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Archaeologists excavated the John Arnold site

John Arnold Farmstead

Site ID: 15Lo168

Kentucky Archaeological Survey
Unless specified, we cannot provide site location information.


​​​​​​​​​​​​​​​​From 1996 to 1997 archaeologists from Wilbur Smith Consulting documented the remains of the John Arnold Farmstead in Logan County. This work was undertaken in advance of the US 431 relocation project.  The Arnold Family had owned it from the 1790s to the 1840s. Researchers investigated the remains of their log house and a detached brick kitchen or slave quarters.  The more recent of the two buildings, slightly smaller than the original structure, had brick chimneys. This suggested it was a more permanant dwelling. Stone and brick building materials were expensive, and the Arnold Family’s ability to purchase these items suggested they were relatively wealthy.  

The recovery of trade beads, straight pins, copper cones, and mouth harps from the original house suggested that enslaved people and lived in it after the Arnolds moved into their new home. These types of items have been found at slave dwellings throughout the American South.​

Historians had once assumed that frontier families, such as the Arnolds, were not involved in the broader economy linked to the eastern seaboard and, as a result, had limited access to luxury items and a more restricted diet. However, research at this site indicated that the Arnold Family was not isolated from national markets, and had a rich and varied diet. ​​

Hearth associated with the slave cabin.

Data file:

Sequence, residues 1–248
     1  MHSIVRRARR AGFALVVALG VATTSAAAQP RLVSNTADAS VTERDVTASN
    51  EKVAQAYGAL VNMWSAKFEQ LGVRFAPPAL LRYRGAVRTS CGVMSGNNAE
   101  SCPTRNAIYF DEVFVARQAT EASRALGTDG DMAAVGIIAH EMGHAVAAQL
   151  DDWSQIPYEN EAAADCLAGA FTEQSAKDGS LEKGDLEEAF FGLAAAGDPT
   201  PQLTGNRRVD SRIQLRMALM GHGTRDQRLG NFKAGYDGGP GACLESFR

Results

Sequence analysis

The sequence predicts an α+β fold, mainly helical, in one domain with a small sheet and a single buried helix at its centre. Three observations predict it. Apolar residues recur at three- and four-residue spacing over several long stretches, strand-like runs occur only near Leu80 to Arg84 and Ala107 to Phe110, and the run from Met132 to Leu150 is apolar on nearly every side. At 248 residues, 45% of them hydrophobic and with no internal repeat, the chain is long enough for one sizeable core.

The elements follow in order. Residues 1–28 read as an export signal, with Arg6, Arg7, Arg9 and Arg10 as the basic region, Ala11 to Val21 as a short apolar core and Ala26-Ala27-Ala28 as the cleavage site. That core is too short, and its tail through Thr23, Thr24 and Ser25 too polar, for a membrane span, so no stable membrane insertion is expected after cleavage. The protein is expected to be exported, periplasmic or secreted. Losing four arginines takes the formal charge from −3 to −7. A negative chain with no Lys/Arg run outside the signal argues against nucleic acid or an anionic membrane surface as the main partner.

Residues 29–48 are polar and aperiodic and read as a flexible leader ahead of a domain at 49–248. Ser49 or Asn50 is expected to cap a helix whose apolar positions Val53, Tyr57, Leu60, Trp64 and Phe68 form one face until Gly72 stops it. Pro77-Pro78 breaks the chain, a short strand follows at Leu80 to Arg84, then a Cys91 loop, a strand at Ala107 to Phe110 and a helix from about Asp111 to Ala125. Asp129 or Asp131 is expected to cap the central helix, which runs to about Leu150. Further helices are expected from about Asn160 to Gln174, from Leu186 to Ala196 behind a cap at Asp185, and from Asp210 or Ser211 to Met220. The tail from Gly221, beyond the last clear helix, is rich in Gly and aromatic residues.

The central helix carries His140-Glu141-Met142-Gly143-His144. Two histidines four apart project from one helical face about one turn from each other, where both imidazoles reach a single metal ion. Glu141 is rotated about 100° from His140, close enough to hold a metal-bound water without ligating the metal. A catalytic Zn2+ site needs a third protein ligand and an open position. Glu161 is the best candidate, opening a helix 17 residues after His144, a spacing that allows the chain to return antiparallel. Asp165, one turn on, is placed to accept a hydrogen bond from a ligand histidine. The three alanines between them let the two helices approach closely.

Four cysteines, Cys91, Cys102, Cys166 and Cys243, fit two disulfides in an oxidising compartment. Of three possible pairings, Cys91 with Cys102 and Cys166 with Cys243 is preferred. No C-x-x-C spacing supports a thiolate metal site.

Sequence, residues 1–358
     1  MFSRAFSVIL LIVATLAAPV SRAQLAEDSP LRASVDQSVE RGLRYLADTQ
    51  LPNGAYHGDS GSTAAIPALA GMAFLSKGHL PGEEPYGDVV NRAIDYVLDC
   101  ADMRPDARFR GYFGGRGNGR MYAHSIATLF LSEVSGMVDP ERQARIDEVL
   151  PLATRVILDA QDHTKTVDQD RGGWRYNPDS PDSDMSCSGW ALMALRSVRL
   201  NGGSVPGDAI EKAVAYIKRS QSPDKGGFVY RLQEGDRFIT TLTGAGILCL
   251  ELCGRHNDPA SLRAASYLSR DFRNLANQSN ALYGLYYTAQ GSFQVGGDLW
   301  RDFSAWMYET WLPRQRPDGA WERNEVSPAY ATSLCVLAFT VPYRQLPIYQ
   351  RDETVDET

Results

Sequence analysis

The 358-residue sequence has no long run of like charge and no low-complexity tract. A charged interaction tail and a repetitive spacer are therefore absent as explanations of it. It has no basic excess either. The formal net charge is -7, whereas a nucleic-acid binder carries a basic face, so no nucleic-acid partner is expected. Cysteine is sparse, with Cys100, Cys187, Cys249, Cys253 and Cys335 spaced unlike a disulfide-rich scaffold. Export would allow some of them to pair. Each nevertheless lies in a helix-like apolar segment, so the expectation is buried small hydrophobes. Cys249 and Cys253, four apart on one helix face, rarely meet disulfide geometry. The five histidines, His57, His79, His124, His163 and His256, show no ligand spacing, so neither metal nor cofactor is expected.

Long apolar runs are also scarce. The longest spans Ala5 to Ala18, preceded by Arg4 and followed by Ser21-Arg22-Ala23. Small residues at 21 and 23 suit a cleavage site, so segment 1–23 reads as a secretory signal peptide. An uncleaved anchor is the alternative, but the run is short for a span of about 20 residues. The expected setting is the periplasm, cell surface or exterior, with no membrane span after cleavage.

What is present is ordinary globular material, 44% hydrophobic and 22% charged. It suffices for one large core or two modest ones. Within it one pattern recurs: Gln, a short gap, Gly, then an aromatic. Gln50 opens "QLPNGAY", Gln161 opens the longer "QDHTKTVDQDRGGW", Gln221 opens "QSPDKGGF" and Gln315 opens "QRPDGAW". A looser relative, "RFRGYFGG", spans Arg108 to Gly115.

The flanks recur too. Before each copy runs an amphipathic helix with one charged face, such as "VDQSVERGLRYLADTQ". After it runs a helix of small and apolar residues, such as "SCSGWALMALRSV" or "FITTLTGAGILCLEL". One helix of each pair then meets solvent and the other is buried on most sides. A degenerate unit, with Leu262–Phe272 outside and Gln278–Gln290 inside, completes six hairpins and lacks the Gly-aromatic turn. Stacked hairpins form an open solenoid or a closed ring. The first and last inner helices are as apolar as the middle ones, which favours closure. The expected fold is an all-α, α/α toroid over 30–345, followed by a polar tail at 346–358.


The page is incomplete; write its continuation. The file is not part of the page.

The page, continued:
​Artifact analysis indicated that the Arnold Family had access to the same types of goods as people did who lived​​​ in the more populous East.  By purchasing expensive tea wares and other dishes, like shell-edge decorated creamware or whiteware plates, the Arnolds signaled their participation in the genteel dining patterns of the early 1800s. Recovery of the remains of high-quality furnishings and clothing supported this interpretation. Some of these items included metal furniture hardware, oil lamp glass, clock parts, and metal clothing buttons and fasteners.

​Comparison of earlier and later food remains showed that the Arnolds became increasingly successful over time. Investigators recovered​ large amounts of wild plant and animal remains from early features. They interpreted this to mean that the Arnold Family depended on these foods as they cleared land for crops and established a reliable stock of domesticated animals. 

Corn was the primary staple crop throughout the time the Arnolds lived at the site, but dependence on European crops, such as oats, increased in importance.  Earlier deposits yielded a mixture of wild (turtle and squirrel) and domesticated (chicken) animals. Later deposits, however, contained nearly all domesticated animal remains, indicating the importance of beef and pork in the family's diet.

Gunflints:  left, made in Kentucky; right, made in England.

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​​Life on the Frontier​

Archaeological evidence from the John Arnold Farmstead revealed that people living on the western Kentucky frontier were not as isolated from regional and national markets as researchers had once thought. 

The quality and diversity of consumer goods the Arnolds were able to obtain indicated that in the late 1790s, they were well connected t​​​o larger cities like Nashville and Lexington. This connection provided a means for all sorts of goods to enter the Logan County region. 

In addition, the Arnold Family's rich and varied diet indicated that they quickly adapted to conditions on the frontier. Successful production of domesticated foods on their farm, and the family's regular access to consumer goods indicated that they lived much like aspiring farming families back East.​

Expensive decorated pearlware ceramics purchased by the John Arnold family.

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